Why more Mexicans are trying to reach the US

Analysis

By Emmet Otte, Caritas Mexico

The number of people trying to reach the US has dropped, but the number of people trying to leave Mexico and cross the border is increasing.

Spreading fear of insecurity and underdevelopment is one reason behind this phenomenon. However, others argue that violence in Mexico, including the Gulf cartel, have also attracted people fleeing oppression.

First, consider Mexico’s border regions. Almost 1.4 million refugees and migrants have travelled to the US from Mexico in recent years.

Most of these individuals come from Honduras, Guatemala and El Salvador. Ten out of 12 states with a high population of migrants are in Mexico’s southern border region – many of them in southern states like Oaxaca, Chiapas and Chiapas (where violence is high) or in more rural and southern states such as Michoacan, Jalisco and Guanajuato.

These states are riddled with migrant camps. While recent media stories have focused on Yucatan and Oaxaca, the daily violence and mass violence of these states and the high migration rates contribute to the massive presence of refugees and migrants from this region to the US.

When people are fleeing high levels of violence, or are displaced within their own countries due to armed conflict, climate change or natural disasters, they are open to migrating to some countries.

Although it may be illegal to cross the international border into the US, there are other options available, such as seasonal work, receiving public benefits such as benefits and low-wage work, or by returning to their country of origin after a period of time.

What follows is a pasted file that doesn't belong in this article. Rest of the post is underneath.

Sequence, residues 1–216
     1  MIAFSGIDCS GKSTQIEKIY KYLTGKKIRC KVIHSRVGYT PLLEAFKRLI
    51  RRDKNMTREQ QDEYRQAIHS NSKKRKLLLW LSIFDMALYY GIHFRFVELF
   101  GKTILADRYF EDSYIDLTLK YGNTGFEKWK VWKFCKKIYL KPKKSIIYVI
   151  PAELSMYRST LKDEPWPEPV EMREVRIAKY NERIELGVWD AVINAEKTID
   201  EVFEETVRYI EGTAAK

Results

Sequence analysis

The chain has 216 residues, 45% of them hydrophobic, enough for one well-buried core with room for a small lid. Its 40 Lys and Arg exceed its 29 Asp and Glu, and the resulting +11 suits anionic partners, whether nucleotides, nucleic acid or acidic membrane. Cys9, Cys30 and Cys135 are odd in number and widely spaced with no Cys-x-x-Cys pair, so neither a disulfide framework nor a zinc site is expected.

This calculation, of course, is not without uncertainty. The US asylum policies still exist, and they have historically subjected people fleeing persecution in their home countries to visa denial, deportations and other punishment.

Awareness of this policy has meant that refugees and migrants have acquired the tools they need to survive here, through legal tools such as asylum claiming, and through understanding that often a conditional approach is the best option.

But increasingly, the trend of increasing and worsening violence in Mexico and the unresolved policies of the US, which both inspire and encourage people to leave their country, have led to a large increase in arrivals from these three Central American countries. The exit symptoms – including poverty, insecurity, as well as the desire to migrate and enter the US – are no longer secondary to the flow of arrivals.

Leave a Comment